1TIC

CONFORMATIONAL LABILITY OF LIPASES OBSERVED IN THE ABSENCE OF AN OIL-WATER INTERFACE: CRYSTALLOGRAPHIC STUDIES OF ENZYMES FROM THE FUNGI HUMICOLA LANUGINOSA AND RHIZOPUS DELEMAR


Experimental Data Snapshot

  • Method: X-RAY DIFFRACTION
  • Resolution: 2.60 Å
  • R-Value Observed: 0.160 

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This is version 1.3 of the entry. See complete history


Literature

Conformational lability of lipases observed in the absence of an oil-water interface: crystallographic studies of enzymes from the fungi Humicola lanuginosa and Rhizopus delemar.

Derewenda, U.Swenson, L.Wei, Y.Green, R.Kobos, P.M.Joerger, R.Haas, M.J.Derewenda, Z.S.

(1994) J Lipid Res 35: 524-534

  • Primary Citation of Related Structures:  
    1TIC, 1TIB

  • PubMed Abstract: 
  • Considerable controversy exists regarding the exact nature of the molecular mechanism of interfacial activation, a process by which most lipases achieve maximum catalytic activity upon adsorption to an oil water interface. X-ray crystallographic stud ...

    Considerable controversy exists regarding the exact nature of the molecular mechanism of interfacial activation, a process by which most lipases achieve maximum catalytic activity upon adsorption to an oil water interface. X-ray crystallographic studies show that lipases contain buried active centers and that displacements of entire secondary structure elements, or "lids," take place when the enzymes assume active conformations [Derewenda, U., A. M. Brzozowski, D. M. Lawson, and Z. S. Derewenda. 1992. Biochemistry: 31: 1532-1541; van Tilbeurgh, H., M-P. Egloff, C. Martinez, N. Rugani, R. Verger, and C. Cambillau. 1993. Nature: 362: 814-820; Grochulski, P., L. Yunge, J. D. Schrag, F. Bouthillier, P. Smith, D. Harrison, B. Rubin, and M. Cygler. 1993. J. Biol. Chem. 268: 12843-12847]. A simple two-state model inferred from these results implies that the "closed" conformation is stable in an aqueous medium, rendering the active centers inaccessible to water soluble substrates. We now report that in crystals of the Humicola lanuginosa lipase the "lid" is significantly disordered irrespective of the ionic strength of the medium, while in a related enzyme from Rhizopus delemar, crystallized in the presence of a detergent, the two molecules that form the asymmetric unit show different "lid" conformations. These new results call into question the simplicity of the "enzyme theory" of interfacial activation.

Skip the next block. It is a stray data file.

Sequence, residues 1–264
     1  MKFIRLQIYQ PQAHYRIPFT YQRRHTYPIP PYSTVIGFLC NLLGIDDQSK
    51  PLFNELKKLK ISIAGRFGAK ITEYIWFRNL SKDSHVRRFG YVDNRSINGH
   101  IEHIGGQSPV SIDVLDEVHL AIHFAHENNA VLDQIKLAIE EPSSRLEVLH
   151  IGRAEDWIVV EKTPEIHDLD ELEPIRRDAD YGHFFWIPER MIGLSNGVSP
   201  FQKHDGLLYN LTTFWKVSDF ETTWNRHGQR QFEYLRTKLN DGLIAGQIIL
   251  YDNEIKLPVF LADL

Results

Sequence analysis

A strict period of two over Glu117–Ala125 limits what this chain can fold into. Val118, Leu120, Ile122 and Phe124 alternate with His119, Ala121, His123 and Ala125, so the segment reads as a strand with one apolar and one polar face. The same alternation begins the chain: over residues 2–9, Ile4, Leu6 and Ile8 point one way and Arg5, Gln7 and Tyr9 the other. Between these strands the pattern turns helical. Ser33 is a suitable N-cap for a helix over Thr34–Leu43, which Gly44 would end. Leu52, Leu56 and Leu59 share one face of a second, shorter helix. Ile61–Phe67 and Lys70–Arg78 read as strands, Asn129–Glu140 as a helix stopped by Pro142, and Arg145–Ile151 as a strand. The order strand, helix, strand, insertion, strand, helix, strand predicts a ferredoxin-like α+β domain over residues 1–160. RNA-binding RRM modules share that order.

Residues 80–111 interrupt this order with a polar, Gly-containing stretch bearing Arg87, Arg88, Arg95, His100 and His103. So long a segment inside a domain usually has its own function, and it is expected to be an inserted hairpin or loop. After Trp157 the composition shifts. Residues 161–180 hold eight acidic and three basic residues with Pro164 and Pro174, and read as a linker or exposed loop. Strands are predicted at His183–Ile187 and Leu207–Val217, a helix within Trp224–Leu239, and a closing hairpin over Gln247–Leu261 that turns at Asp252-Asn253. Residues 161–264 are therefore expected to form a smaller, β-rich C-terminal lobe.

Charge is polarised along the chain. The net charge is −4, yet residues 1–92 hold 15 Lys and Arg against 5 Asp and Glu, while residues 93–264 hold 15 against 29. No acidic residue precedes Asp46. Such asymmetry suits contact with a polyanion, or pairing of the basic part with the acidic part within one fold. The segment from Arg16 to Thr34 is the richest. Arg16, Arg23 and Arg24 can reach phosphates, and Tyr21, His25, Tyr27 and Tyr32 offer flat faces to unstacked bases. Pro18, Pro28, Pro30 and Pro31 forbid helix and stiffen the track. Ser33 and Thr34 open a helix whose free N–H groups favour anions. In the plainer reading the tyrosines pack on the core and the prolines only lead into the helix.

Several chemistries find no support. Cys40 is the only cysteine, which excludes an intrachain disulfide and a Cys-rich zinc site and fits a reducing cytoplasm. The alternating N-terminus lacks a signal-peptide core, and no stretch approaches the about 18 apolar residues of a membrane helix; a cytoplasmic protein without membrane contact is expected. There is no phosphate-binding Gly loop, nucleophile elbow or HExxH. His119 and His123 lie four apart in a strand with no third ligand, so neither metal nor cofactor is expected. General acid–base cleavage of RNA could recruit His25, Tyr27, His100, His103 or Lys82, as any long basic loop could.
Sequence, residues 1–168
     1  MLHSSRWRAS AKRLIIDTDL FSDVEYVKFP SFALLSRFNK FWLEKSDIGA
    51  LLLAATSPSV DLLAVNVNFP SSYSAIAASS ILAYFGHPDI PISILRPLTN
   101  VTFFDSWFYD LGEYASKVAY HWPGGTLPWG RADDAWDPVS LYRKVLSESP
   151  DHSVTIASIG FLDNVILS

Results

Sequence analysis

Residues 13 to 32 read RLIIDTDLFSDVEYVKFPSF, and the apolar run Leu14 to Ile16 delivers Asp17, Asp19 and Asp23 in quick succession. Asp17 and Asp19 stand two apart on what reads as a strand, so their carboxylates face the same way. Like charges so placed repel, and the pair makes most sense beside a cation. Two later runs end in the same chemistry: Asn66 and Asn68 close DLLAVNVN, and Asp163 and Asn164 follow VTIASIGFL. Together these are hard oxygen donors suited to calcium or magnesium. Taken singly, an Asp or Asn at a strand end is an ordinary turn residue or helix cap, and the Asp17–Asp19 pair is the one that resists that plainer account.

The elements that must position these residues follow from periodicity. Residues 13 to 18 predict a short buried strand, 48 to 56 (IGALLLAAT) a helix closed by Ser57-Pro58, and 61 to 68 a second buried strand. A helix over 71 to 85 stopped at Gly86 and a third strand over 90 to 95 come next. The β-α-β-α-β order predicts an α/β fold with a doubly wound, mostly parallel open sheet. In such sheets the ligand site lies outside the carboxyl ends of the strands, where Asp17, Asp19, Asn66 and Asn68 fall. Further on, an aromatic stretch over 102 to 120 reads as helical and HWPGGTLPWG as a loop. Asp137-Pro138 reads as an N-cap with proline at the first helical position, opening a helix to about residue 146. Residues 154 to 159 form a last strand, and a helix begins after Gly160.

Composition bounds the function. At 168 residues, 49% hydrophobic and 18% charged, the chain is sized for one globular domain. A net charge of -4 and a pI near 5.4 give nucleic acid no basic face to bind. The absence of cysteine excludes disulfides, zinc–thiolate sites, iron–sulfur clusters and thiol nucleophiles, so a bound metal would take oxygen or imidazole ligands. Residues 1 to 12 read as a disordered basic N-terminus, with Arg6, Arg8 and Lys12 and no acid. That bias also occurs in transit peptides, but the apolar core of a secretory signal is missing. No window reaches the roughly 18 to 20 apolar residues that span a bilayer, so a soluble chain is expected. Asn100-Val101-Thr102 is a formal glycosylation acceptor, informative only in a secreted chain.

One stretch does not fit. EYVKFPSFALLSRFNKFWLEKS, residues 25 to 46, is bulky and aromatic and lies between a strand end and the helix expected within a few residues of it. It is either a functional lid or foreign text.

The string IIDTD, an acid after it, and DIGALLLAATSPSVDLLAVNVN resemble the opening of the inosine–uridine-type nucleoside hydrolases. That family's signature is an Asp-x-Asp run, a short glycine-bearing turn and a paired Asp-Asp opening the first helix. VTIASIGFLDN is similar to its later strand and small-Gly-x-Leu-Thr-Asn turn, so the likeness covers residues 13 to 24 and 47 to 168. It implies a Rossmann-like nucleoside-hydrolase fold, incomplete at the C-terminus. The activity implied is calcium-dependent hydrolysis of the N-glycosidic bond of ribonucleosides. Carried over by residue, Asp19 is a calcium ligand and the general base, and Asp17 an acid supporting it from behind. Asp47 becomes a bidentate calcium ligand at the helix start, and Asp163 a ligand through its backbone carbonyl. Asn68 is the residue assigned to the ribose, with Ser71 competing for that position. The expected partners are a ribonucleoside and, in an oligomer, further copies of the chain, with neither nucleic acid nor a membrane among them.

Related Citations: 
    • An Unusual Buried Polar Cluster in a Family of Fungal Lipases
      Derewenda, U., Swenson, L., Green, R., Wei, Y., Dodson, G.G., Yamaguchi, S., Haas, M.J., Derewenda, Z.S.
      (1994) Nat Struct Biol 1: 36
    • Current Progress in Crystallographic Studies of New Lipases from Filamentous Fungi
      Derewenda, U., Swenson, L., Green, R., Wei, Y., Yamaguchi, S., Joerger, R., Haas, M.J., Derewenda, Z.S.
      (1994) Protein Eng 7: 551

    Organizational Affiliation

    Department of Biochemistry, University of Alberta, Edmonton, Canada.



Macromolecules
Find similar proteins by:  (by identity cutoff)  |  Structure
Entity ID: 1
MoleculeChainsSequence LengthOrganismDetailsImage
LIPASEAB269Rhizopus oryzaeMutation(s): 0 
EC: 3.1.1.3
Find proteins for P61872 (Rhizopus oryzae)
Explore P61872 
Go to UniProtKB:  P61872
Protein Feature View
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  • Reference Sequence
Experimental Data & Validation

Experimental Data

  • Method: X-RAY DIFFRACTION
  • Resolution: 2.60 Å
  • R-Value Observed: 0.160 
  • Space Group: C 1 21 1
Unit Cell:
Length ( Å )Angle ( ˚ )
a = 92.77α = 90
b = 128.86β = 135.82
c = 78.35γ = 90
Software Package:
Software NamePurpose
PROLSQrefinement

Structure Validation

View Full Validation Report



Entry History 

Deposition Data

Revision History 

  • Version 1.0: 1995-01-26
    Type: Initial release
  • Version 1.1: 2008-03-24
    Changes: Version format compliance
  • Version 1.2: 2011-07-13
    Changes: Version format compliance
  • Version 1.3: 2016-11-09
    Changes: Other